One thing I have said little about is the wiring of the teahouse/study. I phoned an electrician who has done work for us in the past, with whom we get on well&endash;&endash;what the Italians call my electrician "di fiducia"&endash;&endash;my trusted electrician. Though in Italy the term is used almost universally about any tradesperson. They are all "di fiducia," suggesting that one has particular access to the very best. I asked if he could do the job soon.
"I'll be away tomorrow."
"Leave the keys in the usual place. Stick a card where you want things, lights, plugs, etc."
I came back that evening, and there was a new conduit tube fixed onto the fence to the back of the garden, and all the wiring was in place. I still haven't seen the electrician. But he will be back when the drywall is up to finish off.
(A break in the writing for more cookie-making.)
Brendan is out fixing the final spliced bamboo poles under the eaves. They look great; a rich brown with hints of green and yellow, which shine dully with reflected light. These bamboo canes were innocently growing in China not long ago and now find themselves mounted on the underside of a hybrid teahouse/study in Canada. We'll never untangle this world now.
There is something a bit bizarre about sitting here at the computer, looking out at Brendan cutting and tapping on the last of the trim. I find myself wondering how he is going to get up to the top peak under the roof to put in the final pieces of the wall-panel, and am fascinated by the ingenuity and speed with which he nails up 2" by 4"s from the front and rear sides of the teahouse to the balcony rails, then stretches a long two by eight from front to back, and, lo, he has a small scaffold neatly in place. While he is doing this, I keep pausing and looking out. How does one compare, as kinds of work, a couple of paragraphs with a neat scaffold, and a few further sentences with measuring and cutting the final panel, climbing onto the scaffold and nailing it into place? The invention of writing has confused so much for us.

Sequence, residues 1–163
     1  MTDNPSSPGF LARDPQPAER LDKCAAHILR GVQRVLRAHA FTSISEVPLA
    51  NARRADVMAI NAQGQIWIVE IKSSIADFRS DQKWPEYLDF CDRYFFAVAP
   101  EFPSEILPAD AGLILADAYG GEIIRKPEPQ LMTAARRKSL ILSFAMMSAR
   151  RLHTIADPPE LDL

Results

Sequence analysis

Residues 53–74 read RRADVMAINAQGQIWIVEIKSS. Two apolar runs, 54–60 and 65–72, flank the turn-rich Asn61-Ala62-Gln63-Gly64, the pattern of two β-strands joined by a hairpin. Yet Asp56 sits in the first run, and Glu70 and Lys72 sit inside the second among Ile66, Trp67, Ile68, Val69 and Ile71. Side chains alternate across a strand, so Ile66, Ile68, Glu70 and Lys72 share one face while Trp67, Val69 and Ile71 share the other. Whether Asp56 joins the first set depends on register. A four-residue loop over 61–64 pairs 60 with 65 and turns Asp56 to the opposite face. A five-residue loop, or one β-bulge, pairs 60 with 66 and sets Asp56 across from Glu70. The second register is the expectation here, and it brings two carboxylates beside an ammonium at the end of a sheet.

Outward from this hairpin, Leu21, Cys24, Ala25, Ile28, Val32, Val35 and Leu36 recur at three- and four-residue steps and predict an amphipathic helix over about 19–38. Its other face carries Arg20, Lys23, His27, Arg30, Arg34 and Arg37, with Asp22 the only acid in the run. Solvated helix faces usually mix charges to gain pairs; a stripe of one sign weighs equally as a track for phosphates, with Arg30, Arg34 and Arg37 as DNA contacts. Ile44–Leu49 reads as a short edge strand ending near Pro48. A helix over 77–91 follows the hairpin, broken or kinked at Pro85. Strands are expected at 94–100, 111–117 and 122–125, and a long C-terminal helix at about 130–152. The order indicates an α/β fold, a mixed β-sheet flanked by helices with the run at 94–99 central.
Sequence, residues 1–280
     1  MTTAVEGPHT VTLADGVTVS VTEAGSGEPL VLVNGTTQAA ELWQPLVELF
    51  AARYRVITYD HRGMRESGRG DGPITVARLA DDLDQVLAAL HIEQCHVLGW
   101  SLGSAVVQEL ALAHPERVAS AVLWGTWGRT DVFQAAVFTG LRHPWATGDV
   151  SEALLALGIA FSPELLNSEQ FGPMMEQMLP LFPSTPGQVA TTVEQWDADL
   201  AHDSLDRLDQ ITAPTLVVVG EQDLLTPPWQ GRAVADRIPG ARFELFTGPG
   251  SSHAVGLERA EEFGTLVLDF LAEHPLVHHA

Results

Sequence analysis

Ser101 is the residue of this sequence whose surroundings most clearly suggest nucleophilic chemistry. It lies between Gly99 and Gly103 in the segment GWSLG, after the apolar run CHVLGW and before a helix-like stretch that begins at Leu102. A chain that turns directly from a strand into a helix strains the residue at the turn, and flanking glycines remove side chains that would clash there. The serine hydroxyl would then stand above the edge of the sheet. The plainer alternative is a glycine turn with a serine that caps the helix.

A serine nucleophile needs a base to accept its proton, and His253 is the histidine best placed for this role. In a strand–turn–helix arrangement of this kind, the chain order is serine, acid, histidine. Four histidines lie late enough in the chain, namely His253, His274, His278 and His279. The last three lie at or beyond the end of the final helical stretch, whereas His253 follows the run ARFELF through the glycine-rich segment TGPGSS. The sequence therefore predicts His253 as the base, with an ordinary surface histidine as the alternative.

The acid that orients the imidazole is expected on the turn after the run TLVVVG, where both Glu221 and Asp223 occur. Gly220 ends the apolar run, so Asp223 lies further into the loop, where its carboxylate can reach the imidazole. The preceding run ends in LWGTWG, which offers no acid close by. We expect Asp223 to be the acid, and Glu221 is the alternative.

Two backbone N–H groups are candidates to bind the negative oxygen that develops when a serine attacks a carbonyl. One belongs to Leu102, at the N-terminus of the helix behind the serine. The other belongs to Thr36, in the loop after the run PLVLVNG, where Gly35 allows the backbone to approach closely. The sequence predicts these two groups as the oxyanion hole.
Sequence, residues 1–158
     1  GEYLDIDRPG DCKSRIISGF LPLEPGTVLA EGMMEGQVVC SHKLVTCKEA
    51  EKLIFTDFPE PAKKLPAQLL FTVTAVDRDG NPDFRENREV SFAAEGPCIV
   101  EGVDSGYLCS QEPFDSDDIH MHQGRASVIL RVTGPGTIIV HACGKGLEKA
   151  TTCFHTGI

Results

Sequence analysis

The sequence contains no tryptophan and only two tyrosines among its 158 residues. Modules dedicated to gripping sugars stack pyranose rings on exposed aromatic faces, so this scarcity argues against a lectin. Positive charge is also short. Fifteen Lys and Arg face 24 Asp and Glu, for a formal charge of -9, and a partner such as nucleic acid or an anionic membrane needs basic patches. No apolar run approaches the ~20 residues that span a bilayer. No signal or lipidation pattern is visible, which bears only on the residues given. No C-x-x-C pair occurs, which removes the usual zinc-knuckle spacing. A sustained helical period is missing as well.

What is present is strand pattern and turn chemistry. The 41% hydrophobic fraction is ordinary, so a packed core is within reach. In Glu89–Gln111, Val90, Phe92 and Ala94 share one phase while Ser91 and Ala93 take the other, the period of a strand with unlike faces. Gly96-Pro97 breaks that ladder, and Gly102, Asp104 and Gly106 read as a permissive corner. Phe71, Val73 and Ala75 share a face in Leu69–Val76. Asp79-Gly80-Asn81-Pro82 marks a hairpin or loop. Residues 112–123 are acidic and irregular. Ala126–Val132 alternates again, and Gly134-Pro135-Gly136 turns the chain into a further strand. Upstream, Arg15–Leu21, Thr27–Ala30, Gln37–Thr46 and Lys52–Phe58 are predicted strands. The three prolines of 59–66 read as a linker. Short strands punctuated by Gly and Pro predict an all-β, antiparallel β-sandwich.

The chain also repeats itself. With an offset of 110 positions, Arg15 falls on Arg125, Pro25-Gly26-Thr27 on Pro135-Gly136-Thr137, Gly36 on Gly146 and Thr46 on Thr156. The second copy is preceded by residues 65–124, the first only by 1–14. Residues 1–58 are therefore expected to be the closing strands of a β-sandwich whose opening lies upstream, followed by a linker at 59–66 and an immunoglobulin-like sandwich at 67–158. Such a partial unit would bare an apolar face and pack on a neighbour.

The commonest criterion for comparing kinds of work these days is money, of course. I think Brendan may be on the much more lucrative hourly rate&endash;&endash;given how long this scribbling has taken.
One of the basic principles of Japanese design is that one should "Eschew any decoration that is not integral to structure." I'm not sure I am coming close to adhering to the most austere interpretation of this, but bearing it in mind does help me to make some decisions. Brendan asked whether I wanted to add a horizontal strip of green trim at the top of the wall against the bamboo soffits. The bamboo itself looked good against the side panels, but then so too did the piece of trim he held in place. Applying the principle of eschewing needless decoration makes it easy to choose to not add the trim.
My role in building now seems reduced to Brendan occasionally shouting up the stairs to where I'm typing this, telling me, as earlier today, that he'll soon have run out of bamboo. He needs four more poles, he thinks. So I save my text, scoot down to the car, and am greeted increasingly cheerfully by my friends at the landscape supply yard. I open the passenger-side rear window and two guys come to help slide the bamboo delicately into the front passenger leg space. That leaves about six-foot sticking out in the cold breeze. After paying, and discussing the merits of bamboo for soffits, I tie a red flag to the end of the bamboo and negotiate the heavy traffic with my poles ready to scrape buses and trucks unless I give them appropriate leeway, or to take out the occasional tall loiterer at bus stops.
On to Part 2